The big thing I took away from the 2014 referendum was to be aware of echo chambers. There were lots of us having a carnival of democracy that was exciting and crackling with possibilities. But there was a lot of people who weren’t part of it, who didn’t feel part of it and, in some cases, actually felt threatened by it. That was whipped up and egged on by a deeply cynical unionist effort to inject fear into the independence question. Things like: ‘The Nats are going to cancel your bus pass’; ‘Food is going to be more expensive’. All that stuff. We dismissed these silly claims, didn’t engage with them.

I think that’s one of the lessons from the first independence referendum. I spent most of my time during the referendum in South Edinburgh, Newington, Merchiston, and Morningside which was a tough gig. What I was getting time and again on the doorstep was that the media scare stories were being taken seriously. So that’s something that we really need to engage with in any future campaign.

The 2014 referendum remains a fantastic exercise in democracy. It changed the debate in Scotland from ‘could we’ to ‘would we’. Three years on, the debate has totally changed. I think we have one of the most politically engaged populations in the western world, we have a healthy ongoing debate, the media is evolving quickly, and these are things we need to take care of.


“The big thing I took away from the 2014 referendum was to be aware of echo chambers. There were lots of us having a carnival of democracy that was exciting and crackling with possibilities. But there was a lot of people who weren’t part of it, who didn’t feel part of it and, in some cases, actually felt threatened by it.”

In terms of putting the case for independence together, there are lessons from Yes Scotland that we have drawn and there is a real role for the Scottish Independence Convention, Business for Scotland, and other organisations to step up and not wait for the SNP for leadership. The SNP does not have a monopoly on the independence franchise. We are the biggest and most organised part of it but that’s not to say that there isn’t room for a wide range of others.

One of the most tricky things for Yes Scotland was that they were trying to put together a proposition that suited the Greens, the SSP, radical independence, the SNP. Perhaps it was lost in the noise a wee bit. There are a lot of lessons to be learned from 2014. My big one is that when people are properly informed to take a decision, they’ll feel more confident about the prospect of change.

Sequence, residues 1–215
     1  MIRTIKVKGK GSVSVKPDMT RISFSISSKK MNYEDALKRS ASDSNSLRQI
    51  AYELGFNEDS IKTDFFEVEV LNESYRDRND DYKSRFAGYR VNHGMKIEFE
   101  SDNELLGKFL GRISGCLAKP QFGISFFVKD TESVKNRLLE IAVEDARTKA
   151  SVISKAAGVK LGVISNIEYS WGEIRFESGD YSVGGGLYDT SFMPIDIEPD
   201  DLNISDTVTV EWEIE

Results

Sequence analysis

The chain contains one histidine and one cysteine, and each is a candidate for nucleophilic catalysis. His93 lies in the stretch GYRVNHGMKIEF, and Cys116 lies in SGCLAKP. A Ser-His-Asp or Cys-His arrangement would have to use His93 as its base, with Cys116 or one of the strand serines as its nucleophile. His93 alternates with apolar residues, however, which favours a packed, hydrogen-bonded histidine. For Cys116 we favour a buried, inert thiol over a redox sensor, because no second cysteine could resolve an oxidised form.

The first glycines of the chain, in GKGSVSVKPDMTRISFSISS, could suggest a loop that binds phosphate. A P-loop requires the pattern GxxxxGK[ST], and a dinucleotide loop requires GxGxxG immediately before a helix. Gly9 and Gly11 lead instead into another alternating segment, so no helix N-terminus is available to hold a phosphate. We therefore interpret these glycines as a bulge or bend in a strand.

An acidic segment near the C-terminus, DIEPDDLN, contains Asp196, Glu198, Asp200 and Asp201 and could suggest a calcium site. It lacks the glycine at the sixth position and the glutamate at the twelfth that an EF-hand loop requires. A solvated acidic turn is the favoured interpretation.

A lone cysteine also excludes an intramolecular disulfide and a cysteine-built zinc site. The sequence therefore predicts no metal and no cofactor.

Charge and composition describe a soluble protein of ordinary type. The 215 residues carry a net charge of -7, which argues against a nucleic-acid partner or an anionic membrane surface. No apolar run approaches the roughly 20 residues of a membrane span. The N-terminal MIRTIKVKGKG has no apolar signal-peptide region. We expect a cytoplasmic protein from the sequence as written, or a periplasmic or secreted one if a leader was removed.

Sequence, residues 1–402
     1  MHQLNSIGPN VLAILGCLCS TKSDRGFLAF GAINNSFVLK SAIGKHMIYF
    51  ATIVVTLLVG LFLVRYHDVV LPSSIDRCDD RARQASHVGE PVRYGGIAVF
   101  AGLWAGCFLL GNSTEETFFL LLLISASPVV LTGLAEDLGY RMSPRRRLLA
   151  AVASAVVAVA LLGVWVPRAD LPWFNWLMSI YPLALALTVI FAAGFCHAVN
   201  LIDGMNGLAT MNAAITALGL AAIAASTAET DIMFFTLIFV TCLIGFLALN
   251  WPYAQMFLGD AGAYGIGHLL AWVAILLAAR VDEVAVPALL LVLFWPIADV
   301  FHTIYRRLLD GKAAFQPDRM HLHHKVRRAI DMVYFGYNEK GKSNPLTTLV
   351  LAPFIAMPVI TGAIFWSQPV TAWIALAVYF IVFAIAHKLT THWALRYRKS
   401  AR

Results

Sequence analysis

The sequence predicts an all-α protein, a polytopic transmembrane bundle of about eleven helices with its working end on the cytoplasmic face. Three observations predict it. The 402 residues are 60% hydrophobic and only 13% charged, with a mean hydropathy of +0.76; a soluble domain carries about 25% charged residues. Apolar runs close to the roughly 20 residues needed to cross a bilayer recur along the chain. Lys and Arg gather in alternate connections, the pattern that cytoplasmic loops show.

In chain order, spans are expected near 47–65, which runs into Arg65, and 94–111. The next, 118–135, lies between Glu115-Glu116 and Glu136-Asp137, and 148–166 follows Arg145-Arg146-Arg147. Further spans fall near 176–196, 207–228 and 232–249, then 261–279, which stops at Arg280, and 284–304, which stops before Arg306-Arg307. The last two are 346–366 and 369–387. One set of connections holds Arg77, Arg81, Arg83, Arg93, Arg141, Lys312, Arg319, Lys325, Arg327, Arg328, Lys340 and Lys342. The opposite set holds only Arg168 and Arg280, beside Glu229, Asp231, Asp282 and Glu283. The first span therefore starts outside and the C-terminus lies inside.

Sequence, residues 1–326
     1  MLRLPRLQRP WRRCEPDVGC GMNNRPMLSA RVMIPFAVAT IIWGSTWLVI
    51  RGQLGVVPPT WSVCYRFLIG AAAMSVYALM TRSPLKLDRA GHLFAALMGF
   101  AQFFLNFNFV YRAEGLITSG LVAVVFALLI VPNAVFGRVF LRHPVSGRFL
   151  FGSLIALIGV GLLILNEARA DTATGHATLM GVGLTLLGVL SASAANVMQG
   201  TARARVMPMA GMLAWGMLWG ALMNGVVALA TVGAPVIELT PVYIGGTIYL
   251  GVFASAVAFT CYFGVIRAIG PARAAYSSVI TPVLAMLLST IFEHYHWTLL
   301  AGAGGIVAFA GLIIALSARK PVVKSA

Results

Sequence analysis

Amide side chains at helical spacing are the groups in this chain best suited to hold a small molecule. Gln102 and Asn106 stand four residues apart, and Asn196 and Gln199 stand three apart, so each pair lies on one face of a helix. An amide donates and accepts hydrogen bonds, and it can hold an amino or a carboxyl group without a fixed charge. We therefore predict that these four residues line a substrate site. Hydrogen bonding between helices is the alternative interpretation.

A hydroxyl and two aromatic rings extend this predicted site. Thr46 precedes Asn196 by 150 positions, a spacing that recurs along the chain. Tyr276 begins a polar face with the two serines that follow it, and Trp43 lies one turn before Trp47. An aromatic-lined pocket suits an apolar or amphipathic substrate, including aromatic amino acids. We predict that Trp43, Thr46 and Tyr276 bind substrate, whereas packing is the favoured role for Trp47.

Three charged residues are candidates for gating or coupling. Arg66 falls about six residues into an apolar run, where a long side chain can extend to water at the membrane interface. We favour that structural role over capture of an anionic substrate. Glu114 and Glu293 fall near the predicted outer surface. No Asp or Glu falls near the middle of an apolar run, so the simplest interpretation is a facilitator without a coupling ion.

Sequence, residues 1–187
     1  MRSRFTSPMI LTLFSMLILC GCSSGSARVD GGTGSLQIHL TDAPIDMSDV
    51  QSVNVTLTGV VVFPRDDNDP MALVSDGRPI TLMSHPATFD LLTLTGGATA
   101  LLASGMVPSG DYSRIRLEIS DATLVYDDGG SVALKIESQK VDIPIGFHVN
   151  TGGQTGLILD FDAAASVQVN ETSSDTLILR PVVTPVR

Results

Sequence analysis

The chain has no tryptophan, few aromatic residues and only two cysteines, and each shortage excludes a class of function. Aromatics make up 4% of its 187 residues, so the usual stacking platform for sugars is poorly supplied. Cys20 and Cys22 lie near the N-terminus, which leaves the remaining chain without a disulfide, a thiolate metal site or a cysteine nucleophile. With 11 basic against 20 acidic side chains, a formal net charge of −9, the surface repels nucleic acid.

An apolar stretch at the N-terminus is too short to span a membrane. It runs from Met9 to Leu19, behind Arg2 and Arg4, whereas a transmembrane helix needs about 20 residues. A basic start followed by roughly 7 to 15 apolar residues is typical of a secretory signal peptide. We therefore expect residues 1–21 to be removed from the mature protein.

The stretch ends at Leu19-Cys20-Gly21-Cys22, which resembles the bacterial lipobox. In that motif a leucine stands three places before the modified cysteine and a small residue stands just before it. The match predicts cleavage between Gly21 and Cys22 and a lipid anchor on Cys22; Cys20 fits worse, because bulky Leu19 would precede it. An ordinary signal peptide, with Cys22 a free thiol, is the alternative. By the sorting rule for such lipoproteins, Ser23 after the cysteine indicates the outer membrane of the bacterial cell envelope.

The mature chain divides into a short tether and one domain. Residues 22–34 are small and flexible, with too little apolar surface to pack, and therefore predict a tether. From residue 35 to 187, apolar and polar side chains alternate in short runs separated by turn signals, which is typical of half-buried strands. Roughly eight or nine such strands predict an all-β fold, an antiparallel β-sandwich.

Q: What will be the single biggest loss to Scotland due to Brexit?

In my mind, the single biggest loss will be the one that people will realise last. It’s that Scotland’s debate will begin and end on these islands. Because we’re part of something that is bigger in the EU, we’re able to have debates about things like the Paris Climate Agreement, and how to address the refugee crisis. If we’re not plugged into the EU networks, this will become more difficult.

Norway is able to make amazing contributions to efforts in the Mediterranean right now, and also further down the chain to stop population flows that are continuing to get worse. If Scotland doesn’t operate in a bigger bloc to try and fix this, we’re going to be involved in a much smaller debate.


The legislation of the European Human Rights Commission that the Tories have been trashing was a product of English lawyers. As an English lawyer myself, human rights are very dear to me but they are being systematically denigrated and wilfully misrepresented. That’s wrong – and it’s making the UK look bad.

The former UK Ambassador to NATO, Mariot Leslie, highlighted that whatever happens, we’re going to see a diminished UK: diminished financially; diminished in terms of influence; diminished in stature. I’ve spoken to a number of British organisations recently who are feeling a definite international chill. They feel isolation because there’s a growing unwillingness to partner with UK organisations due to the uncertainty surrounding the UK’s position, presently and in the future.